What is a Pediatric Speech-language Pathologist?

Some children struggle in their development of verbal communication. These delays are often evident if a child is not communicating at least a few words by the time they are 16 months old. Speech delays are quite common and can normally be addressed early on to ensure a child is on a good path to alignment with their peers. A pediatric speech-language pathologist is generally the specialist who can help address speech delays in children.

Who is a pediatric speech-language pathologist?

A speech-language pathologist, or an SLP, is simply a master of communication. They have received training in evaluating, diagnosing, and treating patients who have a variety of complicated speech, language, interpersonal, and literacy difficulties. A pathologist who specializes in pediatric speech pathology looks for these barriers in kids of all ages.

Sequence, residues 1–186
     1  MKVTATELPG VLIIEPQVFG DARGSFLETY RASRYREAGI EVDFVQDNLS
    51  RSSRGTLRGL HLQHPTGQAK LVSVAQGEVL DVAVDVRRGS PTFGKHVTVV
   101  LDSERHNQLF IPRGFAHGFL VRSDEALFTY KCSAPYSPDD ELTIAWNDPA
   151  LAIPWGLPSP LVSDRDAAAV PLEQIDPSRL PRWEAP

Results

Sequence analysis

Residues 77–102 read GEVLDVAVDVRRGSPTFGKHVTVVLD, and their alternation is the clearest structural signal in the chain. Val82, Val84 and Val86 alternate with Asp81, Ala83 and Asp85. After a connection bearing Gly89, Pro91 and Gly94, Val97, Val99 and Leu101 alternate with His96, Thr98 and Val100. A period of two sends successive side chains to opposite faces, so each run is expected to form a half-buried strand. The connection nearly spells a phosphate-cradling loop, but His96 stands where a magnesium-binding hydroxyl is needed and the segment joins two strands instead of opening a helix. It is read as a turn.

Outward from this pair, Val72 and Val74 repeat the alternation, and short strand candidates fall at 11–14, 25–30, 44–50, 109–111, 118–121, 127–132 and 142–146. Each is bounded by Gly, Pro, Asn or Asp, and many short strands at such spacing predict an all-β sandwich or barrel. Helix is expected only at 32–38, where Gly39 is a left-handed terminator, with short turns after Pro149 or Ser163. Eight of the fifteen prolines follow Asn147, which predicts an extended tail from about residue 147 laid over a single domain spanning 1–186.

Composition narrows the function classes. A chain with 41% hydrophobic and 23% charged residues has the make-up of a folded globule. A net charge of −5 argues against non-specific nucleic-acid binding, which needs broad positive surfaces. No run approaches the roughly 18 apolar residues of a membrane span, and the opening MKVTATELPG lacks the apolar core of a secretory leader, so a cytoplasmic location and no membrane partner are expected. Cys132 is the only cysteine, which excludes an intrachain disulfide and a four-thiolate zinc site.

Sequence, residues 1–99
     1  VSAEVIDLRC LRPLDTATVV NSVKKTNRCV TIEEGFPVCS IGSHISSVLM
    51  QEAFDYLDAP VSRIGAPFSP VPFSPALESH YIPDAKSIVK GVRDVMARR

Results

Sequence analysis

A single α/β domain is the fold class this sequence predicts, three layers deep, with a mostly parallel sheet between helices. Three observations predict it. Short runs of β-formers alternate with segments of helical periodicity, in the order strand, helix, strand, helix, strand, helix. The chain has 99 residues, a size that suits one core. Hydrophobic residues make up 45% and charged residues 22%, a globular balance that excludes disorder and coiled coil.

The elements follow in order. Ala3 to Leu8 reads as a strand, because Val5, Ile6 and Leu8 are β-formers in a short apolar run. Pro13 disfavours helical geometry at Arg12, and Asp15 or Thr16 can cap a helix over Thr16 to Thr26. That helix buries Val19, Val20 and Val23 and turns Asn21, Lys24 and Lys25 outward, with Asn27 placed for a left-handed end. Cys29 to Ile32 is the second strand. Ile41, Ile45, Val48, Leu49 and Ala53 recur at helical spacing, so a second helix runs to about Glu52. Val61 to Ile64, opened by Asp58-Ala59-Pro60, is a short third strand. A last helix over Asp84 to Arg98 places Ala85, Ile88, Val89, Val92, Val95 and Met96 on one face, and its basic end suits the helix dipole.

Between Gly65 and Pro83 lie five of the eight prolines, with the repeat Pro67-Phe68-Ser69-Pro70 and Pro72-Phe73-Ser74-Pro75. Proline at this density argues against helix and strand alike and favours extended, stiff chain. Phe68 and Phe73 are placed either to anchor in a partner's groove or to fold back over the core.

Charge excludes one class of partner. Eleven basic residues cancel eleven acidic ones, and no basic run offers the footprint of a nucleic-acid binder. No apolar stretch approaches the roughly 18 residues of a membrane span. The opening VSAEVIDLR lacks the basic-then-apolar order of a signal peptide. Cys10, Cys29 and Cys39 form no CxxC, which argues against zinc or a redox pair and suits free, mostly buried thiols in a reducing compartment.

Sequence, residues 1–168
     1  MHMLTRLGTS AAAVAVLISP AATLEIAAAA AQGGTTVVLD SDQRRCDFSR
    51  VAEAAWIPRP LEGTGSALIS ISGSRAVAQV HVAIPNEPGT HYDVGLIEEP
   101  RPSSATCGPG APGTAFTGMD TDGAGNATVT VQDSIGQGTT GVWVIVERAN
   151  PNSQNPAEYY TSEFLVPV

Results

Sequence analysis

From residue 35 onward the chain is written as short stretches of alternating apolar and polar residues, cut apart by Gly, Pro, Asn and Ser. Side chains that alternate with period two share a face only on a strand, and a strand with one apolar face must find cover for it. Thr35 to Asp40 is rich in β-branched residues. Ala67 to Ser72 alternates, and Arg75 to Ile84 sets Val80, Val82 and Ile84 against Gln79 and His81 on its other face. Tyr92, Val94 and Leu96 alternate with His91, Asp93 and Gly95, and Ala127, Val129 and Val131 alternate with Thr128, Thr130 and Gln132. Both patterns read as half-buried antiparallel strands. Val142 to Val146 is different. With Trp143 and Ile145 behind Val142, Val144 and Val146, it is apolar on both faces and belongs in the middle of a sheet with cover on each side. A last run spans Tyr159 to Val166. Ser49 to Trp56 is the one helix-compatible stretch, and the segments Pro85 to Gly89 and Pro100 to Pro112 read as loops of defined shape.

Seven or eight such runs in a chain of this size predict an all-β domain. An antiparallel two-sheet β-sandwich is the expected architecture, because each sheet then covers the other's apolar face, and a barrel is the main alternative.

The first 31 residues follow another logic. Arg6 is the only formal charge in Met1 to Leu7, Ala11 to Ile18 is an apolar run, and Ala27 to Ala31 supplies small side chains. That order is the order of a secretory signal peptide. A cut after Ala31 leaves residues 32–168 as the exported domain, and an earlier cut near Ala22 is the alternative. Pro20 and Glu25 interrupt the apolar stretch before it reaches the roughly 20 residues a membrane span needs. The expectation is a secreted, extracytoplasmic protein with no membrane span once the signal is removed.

In order to guarantee that a child is supported in the development of their communication abilities, a pediatric speech pathologist will collaborate with the child, their relatives, their teachers, and other significant individuals, regardless of the communication issue.

Pediatric speech-language pathologists are professionally trained individuals who help children work on their communication skills; they improve not only their verbal skills but also their non-verbal body language. They focus on all aspects of communication so that the affected children can live a better life and live like other children their age. 

Pediatric speech-language pathologists can help children of all ages., but addressing young children helps them learn better and adapt quickly. 

What conditions does a pediatric speech-language pathologist treat?

For numerous distinct kids, collaborating with a speech pathologist is helpful. The use of speech pathology therapy sessions can have a positive impact on a wide range of various illnesses, conditions, challenges, or general issues. Pediatric speech pathologists evaluate and treat children of all ages.